Role of Media in Liberal Democracies Assignment

Role of Media in Liberal Democracies Assignment Words: 759

INTRODUCTION The purpose of this report is to consider the role of media in liberal democracies of the 21st century and to analyse if the ownership of media affects this role. Media can widely be defined as any media of communication. This report will focus more on the news aspect of media rather than the entertainment side. In considering the role of media, I will examine multiple arguments of the role. The media ownership will be taken from examples in Australia, United States and Britain.

This report will firstly look at the role of the media and then analyse the effect of ownership on the role. MEDIA IN LIBERAL DEMOCRACIES The fundamental principle of liberal democracies is an emphasis on the freedom of individuals rather than social goals such as equality (Ryan, Parker and Brown 2003, 66). This implies principles of freedom of speech and assembly and the right to privacy. Cowan (2002, 94) argues that the presence of free media has traditionally been regarded as essential principle for the existence of a liberal democracy.

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Jackson and Stanfield (2004, 476) agree, stating that “A free and independent press is one of democracy’s most important institutions”. The role of media in liberal democracies has been the greatly debated with a wide range of roles being hypothesised. Multiple authors have proposed that media is the ‘fourth estate’ of politics and the link that informs the public of political issues (Cowan 2002, 94). The principle of the fourth estate is that the media is completely independent of all institutions and, therefore, can report in an objective and unbiased manner (Carey 1993, 13).

America’s Office of Democracy and Governance (1999, 5) proposes two key objectives for media in democratic societies: i)To ensure citizens have the ability to make responsible, informed choices rather than acting out of ignorance or misinformation ii)To scrutinise and evaluate the actions of elected representatives to ensure they uphold their oaths of office and carry out the wishes of those who elected them. Another role of media is that of entertainment.

In fact, cynics would argue that the ultimate media role is to repackage information with some entertainment value to distract us from the reality of our lives (Monck and Hanley 2008, PAGE). This argument has some merit, particularly considering the profit motivation of firms. After all, the more people who watch a program, the higher the advertising dollar that can be charged. There is no singular principle that remains constant across arguments. Although independence is a popular principle in theory, it is lost among the profit motivation of firms.

On the other hand, arguments of news having an entertainment value gain credence by allowing exploitation of the audience to advertisers (Profitt 2007, 69). I would propose that the role of media in liberal democracies in the 21st century is a combination of entertainment and information. After all, information itself doesn’t sell and entertainment with no substance (when applying to news programs) also does not sell. While independence from governments in power and corporations would be ideal, the reality is that it will never be achieved even in supposed liberal democracy societies.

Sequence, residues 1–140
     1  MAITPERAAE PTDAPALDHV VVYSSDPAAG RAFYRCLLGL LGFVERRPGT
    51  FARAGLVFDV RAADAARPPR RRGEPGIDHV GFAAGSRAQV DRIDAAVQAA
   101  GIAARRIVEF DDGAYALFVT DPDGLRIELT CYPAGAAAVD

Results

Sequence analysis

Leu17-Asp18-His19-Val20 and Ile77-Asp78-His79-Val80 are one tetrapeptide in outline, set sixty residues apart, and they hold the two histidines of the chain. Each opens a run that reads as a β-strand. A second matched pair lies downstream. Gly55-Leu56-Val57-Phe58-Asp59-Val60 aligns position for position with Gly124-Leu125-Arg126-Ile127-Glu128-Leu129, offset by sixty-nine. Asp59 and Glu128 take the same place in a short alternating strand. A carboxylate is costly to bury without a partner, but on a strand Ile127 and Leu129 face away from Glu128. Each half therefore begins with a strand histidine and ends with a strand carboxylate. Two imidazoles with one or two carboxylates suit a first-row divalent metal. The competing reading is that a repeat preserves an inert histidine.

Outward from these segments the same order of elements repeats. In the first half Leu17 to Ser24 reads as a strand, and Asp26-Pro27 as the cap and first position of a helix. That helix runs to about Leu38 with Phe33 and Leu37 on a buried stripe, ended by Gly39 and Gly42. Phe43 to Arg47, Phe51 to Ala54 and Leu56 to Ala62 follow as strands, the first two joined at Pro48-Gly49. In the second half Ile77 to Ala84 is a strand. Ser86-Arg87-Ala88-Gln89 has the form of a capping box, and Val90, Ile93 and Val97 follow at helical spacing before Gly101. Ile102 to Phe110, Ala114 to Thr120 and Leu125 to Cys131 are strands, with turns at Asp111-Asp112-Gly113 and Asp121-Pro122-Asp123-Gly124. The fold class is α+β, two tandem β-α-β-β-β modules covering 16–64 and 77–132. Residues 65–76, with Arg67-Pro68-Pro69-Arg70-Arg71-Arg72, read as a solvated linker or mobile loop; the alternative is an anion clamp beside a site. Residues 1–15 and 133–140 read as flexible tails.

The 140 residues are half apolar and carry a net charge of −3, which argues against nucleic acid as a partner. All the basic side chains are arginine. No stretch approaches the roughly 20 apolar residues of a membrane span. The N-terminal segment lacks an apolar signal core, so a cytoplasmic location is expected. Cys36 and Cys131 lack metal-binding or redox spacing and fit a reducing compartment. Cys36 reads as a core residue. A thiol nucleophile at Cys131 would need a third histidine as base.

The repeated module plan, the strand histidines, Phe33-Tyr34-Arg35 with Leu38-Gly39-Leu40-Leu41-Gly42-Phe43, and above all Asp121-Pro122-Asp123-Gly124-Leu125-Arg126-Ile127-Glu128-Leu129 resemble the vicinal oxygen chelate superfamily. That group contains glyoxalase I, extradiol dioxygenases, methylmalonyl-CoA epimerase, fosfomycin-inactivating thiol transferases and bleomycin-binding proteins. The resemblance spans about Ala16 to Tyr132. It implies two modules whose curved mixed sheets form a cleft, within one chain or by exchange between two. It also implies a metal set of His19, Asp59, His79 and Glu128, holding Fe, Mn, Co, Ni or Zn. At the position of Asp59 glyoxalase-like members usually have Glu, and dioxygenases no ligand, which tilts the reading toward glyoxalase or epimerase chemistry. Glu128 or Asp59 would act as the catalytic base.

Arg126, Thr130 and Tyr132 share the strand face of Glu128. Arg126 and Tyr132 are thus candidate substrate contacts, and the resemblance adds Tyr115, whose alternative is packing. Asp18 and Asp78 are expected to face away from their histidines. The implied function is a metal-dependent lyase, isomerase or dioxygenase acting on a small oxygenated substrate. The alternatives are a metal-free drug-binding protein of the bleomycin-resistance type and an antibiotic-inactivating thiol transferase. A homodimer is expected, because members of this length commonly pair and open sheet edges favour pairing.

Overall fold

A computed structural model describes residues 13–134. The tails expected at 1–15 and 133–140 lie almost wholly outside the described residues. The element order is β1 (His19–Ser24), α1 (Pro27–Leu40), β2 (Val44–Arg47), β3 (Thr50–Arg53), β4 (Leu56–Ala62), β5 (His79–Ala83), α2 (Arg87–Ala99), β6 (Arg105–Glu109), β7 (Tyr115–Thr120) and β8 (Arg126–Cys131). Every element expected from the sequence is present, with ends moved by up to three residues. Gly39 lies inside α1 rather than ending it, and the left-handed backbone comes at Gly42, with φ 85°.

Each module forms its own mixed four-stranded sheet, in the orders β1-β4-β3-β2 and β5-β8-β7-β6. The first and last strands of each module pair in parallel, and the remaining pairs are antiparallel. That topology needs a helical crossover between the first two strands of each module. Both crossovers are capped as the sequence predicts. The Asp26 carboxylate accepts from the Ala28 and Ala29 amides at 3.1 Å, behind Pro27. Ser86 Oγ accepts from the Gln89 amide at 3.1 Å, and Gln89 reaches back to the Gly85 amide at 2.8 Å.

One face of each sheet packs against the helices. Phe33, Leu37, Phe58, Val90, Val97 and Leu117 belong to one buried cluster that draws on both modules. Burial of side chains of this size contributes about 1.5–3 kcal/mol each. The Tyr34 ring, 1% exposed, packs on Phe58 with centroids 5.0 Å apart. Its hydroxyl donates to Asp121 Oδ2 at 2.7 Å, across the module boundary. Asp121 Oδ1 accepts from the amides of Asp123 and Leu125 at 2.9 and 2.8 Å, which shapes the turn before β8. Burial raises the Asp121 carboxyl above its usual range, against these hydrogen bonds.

ARE MEDIA FULFILLING THEIR ROLE? “Lines blur in the new media world. The only line that doesn’t is the bottom one: profit” ??? Michael Bugeja Unquestionably, the main objective of the majority of firms worldwide is one of maximisation of profit. The same is true for media corporations. This raises the question of whether media corporations can truly be independent and objective in their reporting if they are receiving money for advertising from the politicians and business they supposed to scrutinise and evaluate.

Sally McFall (2002, 126) argues that journalists very aware of the value of advertising to their firms and will self-censor stories or risk losing their careers. Advertisers that can exert pressure by threatening to withdraw advertising campaigns or even legal action against media firms. In fact, it has been argued that news will be turned into entertainment to sell audiences to advertisers (Profitt 2007, 69).

This argument means that not only will advertisers hold the power in the business relationship but also that media corporations will present their news as entertainment rather than objective reports. CONCLUSION The role of media in liberal democracies is one of entertainment and reporting of important information. However, as media firms seek to maximise their profits, this role may be biased towards their advertisers or their own political beliefs. Therefore, the role may be tainted by ownership. However, the alternative of government ownership flies in the face of all modern liberal beliefs.

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Role of Media in Liberal Democracies Assignment. (2019, May 26). Retrieved January 16, 2022, from